Vincentians “do not judge those they serve.” [Rule, Part I, 1.9] This simple admonition is readily accepted by members of the Society, given that all Christians are called to stop judging. But human nature being as it is, it can be difficult to practice non-judgmentalism when we find ourselves in a circumstance which seems to call for judgment.
“Everyone,” C.S. Lewis once said, “says forgiveness is a lovely idea, until they have something to forgive.” [Mere Christianity] In a similar way, being non-judgmental sounds quite good in theory, but then we encounter the neighbor who has blown every penny of his tax refund on a vacation, and now needs help with rent; the neighbor who has bought food for his five dogs but needs our help to feed the kids; or the neighbor who paid the cable bill and now can’t pay for electricity.
“What were they thinking?” we ask ourselves, allowing ourselves in that moment to believe that we know best. More often than not, though, the measure by which we measure is merely ourselves, our own experiences and circumstances. It becomes easy to assign blame when we lose sight of the different experiences and circumstances that shape each of us, as if the person with one leg should be expected to keep pace with the sprinter, or the person with no hope to make plans for the future.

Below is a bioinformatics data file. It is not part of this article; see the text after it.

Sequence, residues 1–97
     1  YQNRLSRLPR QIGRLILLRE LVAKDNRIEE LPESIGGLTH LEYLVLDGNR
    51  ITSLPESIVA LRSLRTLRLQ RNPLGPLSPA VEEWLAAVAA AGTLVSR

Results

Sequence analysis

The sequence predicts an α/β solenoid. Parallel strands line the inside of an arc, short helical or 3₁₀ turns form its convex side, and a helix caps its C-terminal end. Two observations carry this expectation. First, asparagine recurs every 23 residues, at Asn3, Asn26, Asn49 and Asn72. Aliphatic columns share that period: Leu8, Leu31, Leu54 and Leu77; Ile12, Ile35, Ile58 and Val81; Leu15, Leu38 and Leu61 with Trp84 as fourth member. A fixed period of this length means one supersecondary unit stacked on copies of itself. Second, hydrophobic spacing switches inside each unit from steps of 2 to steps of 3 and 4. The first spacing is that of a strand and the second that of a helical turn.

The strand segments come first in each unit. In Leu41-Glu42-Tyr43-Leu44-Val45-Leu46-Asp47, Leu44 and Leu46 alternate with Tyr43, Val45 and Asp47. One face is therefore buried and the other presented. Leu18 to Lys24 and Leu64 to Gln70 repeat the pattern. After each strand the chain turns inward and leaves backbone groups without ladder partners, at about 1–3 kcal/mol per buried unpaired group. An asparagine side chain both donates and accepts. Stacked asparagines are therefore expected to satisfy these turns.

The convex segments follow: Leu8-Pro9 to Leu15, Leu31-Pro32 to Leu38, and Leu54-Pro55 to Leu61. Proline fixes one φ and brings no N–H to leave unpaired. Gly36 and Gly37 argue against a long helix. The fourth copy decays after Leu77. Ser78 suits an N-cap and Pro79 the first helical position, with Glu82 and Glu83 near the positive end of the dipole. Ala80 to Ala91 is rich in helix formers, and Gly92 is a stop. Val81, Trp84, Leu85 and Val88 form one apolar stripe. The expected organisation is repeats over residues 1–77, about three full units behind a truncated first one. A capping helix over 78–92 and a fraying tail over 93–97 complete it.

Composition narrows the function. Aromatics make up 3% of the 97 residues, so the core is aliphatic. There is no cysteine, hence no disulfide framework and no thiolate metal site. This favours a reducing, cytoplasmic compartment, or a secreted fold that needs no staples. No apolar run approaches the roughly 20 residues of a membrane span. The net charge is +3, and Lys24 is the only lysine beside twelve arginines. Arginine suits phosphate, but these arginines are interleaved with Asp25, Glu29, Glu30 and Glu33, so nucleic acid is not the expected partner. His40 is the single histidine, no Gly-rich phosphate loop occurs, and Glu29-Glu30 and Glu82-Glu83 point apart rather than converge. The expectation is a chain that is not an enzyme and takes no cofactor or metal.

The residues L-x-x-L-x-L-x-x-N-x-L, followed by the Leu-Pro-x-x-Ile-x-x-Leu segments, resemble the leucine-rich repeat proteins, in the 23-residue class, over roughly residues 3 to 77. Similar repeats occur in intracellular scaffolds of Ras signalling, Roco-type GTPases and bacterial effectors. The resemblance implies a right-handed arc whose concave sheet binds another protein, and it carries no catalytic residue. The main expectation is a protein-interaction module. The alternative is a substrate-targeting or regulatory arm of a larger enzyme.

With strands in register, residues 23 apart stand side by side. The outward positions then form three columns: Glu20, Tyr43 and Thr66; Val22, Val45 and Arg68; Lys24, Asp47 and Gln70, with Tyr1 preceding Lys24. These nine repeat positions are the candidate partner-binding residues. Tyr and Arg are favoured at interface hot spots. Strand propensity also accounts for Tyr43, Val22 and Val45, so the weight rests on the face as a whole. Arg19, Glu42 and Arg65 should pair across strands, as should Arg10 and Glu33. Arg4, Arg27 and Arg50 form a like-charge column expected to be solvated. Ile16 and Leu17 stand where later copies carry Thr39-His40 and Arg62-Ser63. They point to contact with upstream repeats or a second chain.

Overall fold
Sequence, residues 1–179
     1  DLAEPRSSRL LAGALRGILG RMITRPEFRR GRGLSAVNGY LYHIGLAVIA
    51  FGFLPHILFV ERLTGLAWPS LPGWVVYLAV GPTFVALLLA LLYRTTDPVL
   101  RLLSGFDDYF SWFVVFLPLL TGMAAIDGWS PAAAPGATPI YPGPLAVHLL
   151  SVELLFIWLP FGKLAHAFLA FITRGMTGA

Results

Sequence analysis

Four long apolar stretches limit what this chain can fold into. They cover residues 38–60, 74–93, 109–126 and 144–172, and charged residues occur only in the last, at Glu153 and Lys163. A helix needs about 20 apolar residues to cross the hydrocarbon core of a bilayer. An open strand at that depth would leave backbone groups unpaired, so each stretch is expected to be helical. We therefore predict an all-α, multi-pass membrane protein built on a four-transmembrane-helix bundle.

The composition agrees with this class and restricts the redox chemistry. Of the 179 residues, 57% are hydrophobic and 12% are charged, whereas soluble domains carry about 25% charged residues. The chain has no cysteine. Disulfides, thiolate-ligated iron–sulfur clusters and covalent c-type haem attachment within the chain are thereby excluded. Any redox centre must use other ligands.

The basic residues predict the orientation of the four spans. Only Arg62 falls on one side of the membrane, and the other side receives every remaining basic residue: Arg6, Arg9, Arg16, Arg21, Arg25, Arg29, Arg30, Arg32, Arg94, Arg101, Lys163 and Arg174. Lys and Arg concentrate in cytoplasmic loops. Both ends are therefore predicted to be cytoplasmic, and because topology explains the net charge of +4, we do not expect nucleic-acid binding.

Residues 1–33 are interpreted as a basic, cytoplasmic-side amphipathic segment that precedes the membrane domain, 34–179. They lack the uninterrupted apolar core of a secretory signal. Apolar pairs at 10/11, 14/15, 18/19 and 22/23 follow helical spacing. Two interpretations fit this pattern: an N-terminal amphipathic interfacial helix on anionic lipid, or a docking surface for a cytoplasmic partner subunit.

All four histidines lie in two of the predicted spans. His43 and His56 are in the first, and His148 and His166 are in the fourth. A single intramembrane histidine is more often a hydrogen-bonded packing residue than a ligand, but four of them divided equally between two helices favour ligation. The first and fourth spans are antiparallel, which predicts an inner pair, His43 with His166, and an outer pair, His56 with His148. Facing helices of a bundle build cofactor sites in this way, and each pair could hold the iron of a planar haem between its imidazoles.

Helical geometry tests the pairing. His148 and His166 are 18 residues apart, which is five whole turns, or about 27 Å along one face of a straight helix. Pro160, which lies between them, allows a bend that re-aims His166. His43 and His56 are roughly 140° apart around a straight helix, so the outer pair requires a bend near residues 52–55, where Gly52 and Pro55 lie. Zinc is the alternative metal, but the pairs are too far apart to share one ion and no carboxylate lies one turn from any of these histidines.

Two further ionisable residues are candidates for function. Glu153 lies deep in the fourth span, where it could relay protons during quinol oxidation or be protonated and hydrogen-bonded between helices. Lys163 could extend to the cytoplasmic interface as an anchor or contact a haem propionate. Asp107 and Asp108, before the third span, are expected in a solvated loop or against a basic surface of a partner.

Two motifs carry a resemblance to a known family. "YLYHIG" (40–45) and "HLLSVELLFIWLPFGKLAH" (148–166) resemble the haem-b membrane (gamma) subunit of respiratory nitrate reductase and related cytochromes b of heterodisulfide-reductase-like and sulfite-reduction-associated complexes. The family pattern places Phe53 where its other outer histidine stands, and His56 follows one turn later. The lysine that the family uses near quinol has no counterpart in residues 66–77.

Our Manual explains that our “nonjudgmental attitude excludes assigning guilt or responsibility for a person’s needs or problems.” [Manual, 62] As Blessed Rosalie also taught, we must “love those who are poor, don’t blame them too much…It is with such words that we dispense ourselves from the very strict obligation of charity.” [Sullivan, 211]
The astrophysicist Carl Sagan once said that “If you want to bake an apple pie from scratch, you must first invent the universe.” In this witty saying, he captures the similar truth that on one home visit (or many) we cannot fully know each neighbor’s “whole story.” We cannot know all of the obstacles they have faced, nor all the victories they have won.
On our home visits, we are called to judge the need, not the person, always with a view towards helping in the best way possible. The only way to do this is, as St. Vincent reminds us, is to “get in the habit of judging events and persons, always and in all circumstances, for the good. If an action has a hundred facets to it…always look at its best side… even though intelligence and human prudence tell us the contrary.” [CCD II:638]
Each of us is created in God’s image, unique and unrepeatable, formed throughout our lives by the people that surround us. May it be our love, not our judgment that helps form our neighbors – and ourselves.
Are there things that sometimes cause me to jump to a quick judgment of the neighbor?